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Which Lightbulbs Save the Most Money?

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There's an ever-widening array of lighting choices available at the local hardware store. Here we explore all of your options and pick the one that's best for you.

How to Save on Light Bulbs


With high energy costs driving up electricity bills and an ever-widening array of lighting choices available at the local hardware store, it can be hard to pick the best -- and cheapest -- lighting option. In today's Savings Experiment, we'll explore the available lighting choices and pick the one that's best for you.

The first light bulbs -- and the ones that are used in most homes -- are incandescent bulbs. Basically, these bulbs follow Thomas Edison's original design: an electrical current runs through a filament in a glass bulb. The filament then heats up, emitting light, as well as a lot of heat.

In terms of base price, incandescent bulbs seem like the cheapest option: a four-pack costs somewhere between $2 and $3. But the cost goes up once you screw them into a lamp: incandescents use between 20 and 100 watts per hour, which translates into 2-12 kilowatts per month. Also, they don't last too long: most bulbs work for between 750 and 1,000 hours, or 6-8 months, which means that they need to be replaced fairly often.

They are also the most convenient lighting option. Incandescent bulbs can be used with dimmer switches and are available in a wide variety of shapes and sizes, making them a perfect fit for almost any lighting design. They are easy to dispose of and, after more than 100 years of use, most of the bugs have been worked out.

However the move to more energy-efficient lighting means certain incandescent light bulbs are being phased over the next few years. As of January 1, 2012, the 100-watt incandescent light bulb will no longer be manufactured for use in the United States. On January 1, 2013, the production of 75-watt incandescent bulbs will cease to exist; and in 2014, 60 watt and 40 watt bulbs will be phased out, according to The National Electrical Manufacturers Association, a trade group for the lighting industry. (In California, each of these dates go into effect a year earlier).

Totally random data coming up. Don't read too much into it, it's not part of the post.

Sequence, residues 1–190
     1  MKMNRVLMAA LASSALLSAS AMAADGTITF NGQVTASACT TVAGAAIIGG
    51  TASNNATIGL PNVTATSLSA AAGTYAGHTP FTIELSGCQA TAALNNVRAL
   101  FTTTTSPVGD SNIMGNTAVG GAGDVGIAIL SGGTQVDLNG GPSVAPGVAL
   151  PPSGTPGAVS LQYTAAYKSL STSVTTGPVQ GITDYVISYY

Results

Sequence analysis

The current lightbulb leaders are compact fluorescent lamps or CFLs. First developed in the early 1980's, CFLs didn't become really popular until the last few years. Part of the reason for this is cost: although their price has dropped in recent years, CFLs still run $2 and up per bulb, about four times as much as incandescent bulbs. On the other hand, CFLs also last a lot longer: most will run for between 6,000 and 10,000 hours, or 4-7 years of normal use. In fact, given that they will run for 6-10 times longer than incandescents, their basic price is up to 50% less than incandescent bulbs. And CFLs also use a lot less electricity: a 26-watt compact fluorescent puts out as much light as a 100-watt incandescent, but only uses about a quarter of the electricity.

CFLs also have their downside: depending upon the brand, they may flicker a bit, and they cannot be used with a traditional dimmer switch. Worst of all, they contain mercury, which can make disposal difficult: if they are thrown in a standard landfill, the mercury can leach into the groundwater, presenting an environmental hazard. However, as the curlicue bulbs grow more popular, more and more stores are offering on-site recycling.

The brightest option is probably light-emitting diode (LED) bulbs. A nine-watt LED bulb puts out as much light as a 40-watt incandescent, but will last for 25,000 hours. Depending upon usage, this can be up to 23 years. They also don't present the same mercury hazard as CFLs, which makes them easier to throw away. Then again, with 23 years of life, chances are that you'll throw away your lighting fixtures more often than you'll throw out your bulbs.

Unfortunately, LEDs are prohibitively expensive. They run about $40 apiece; most LED bulb makers are small companies with limited production runs. On the bright side, General Electric and Sylvania have both released LED bulbs. While the new lights will probably be expensive in the beginning, competition should bring prices down.

In the meantime, though, the basic choice is still between incandescents and CFLs. Over the course of seven years, the lifetime of a CFL, the bulb will use about $25 worth of energy; with the $2 initial price thrown in, this translates into a total cost of about $27. By comparison, an incandescent bulb will use about $96 worth of electricity in the same period of time. It also will need to be replaced about eight times, leading to an overall cost of more than $100 dollars. Given the costs and limitations, your best -- and brightest -- choice is a CFL.

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